Lockheed Martin, in partnership with Submergence Group LLC, will manufacture dry combat submersibles (DCS) to transport personnel while submerged. These vehicles are said to have longer endurance and operate at greater depths than the swimmer delivery vehicles (SDVs) now in use.

Under terms of a $166 million contract with the U.S. Special Operations Command, Lockheed Martin will construct as many as three DCS vehicles over the next five years. The vessels, which will be built in the UK and Florida, will weigh more than 30 tons and launch from surface ships.

The 30-ton vessels will launch from surface ships and be able to travel long distances underwater. Image credit: Lockheed Martin.The 30-ton vessels will launch from surface ships and be able to travel long distances underwater. Image credit: Lockheed Martin.Currently, personnel moving underwater who use an SDV (a wet submersible)—typically Navy SEALs—are outfitted in dive gear and exposed to the undersea environment. DCS will allow them to be positioned closer to their destination before they enter the water and "in better physical condition to complete a mission," according to Lockheed Martin.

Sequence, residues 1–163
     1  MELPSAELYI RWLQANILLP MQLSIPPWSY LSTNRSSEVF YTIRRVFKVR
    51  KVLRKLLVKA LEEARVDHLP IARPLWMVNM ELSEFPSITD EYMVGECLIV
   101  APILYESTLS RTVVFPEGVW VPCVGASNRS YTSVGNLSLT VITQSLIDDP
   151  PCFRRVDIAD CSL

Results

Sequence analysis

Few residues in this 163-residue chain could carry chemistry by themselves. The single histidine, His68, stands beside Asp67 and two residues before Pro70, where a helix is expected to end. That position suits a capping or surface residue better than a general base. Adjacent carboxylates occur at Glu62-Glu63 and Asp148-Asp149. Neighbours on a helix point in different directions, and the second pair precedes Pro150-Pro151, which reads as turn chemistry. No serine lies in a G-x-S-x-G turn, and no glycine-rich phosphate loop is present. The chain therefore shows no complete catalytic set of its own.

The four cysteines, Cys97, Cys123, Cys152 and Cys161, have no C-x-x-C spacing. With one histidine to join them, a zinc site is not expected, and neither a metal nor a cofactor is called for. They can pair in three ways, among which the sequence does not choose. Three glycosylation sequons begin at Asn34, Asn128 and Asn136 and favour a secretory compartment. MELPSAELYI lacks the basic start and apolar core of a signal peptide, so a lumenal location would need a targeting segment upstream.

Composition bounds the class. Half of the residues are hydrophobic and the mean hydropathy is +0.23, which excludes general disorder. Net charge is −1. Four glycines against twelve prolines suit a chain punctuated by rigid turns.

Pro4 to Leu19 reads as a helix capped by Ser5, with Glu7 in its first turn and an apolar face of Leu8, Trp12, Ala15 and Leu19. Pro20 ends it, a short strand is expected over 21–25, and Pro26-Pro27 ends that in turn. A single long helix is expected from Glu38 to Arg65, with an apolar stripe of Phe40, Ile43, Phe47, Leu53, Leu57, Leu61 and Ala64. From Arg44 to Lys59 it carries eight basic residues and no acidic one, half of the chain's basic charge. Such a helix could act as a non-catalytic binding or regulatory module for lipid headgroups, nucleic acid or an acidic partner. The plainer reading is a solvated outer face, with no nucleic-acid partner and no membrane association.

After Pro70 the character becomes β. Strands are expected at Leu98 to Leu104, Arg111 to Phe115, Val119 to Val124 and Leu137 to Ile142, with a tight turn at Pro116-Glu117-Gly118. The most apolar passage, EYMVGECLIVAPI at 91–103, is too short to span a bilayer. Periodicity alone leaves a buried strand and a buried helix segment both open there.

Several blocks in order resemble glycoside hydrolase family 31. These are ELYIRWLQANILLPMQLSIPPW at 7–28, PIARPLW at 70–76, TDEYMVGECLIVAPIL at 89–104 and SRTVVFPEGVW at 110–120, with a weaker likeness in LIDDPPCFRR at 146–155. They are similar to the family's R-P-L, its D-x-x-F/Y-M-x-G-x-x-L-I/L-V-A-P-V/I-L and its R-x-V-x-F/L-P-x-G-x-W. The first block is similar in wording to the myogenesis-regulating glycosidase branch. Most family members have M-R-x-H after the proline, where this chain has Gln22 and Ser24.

The vessel will support a pilot and navigator and up to six swimmers, with the ability to lock them out and in. It is equipped with an inertial navigation system and Doppler velocity log for navigational support, an underwater telephone and UHF radio for communications, and an obstacle avoidance sonar and fathometer. Additional sensors can be added to support specific requirements.

Lockheed says the 9.36-meter-long craft has a lock-in-and-out maximum depth of 30 meters and a range of 60+ nautical miles at a speed of 5 knots.

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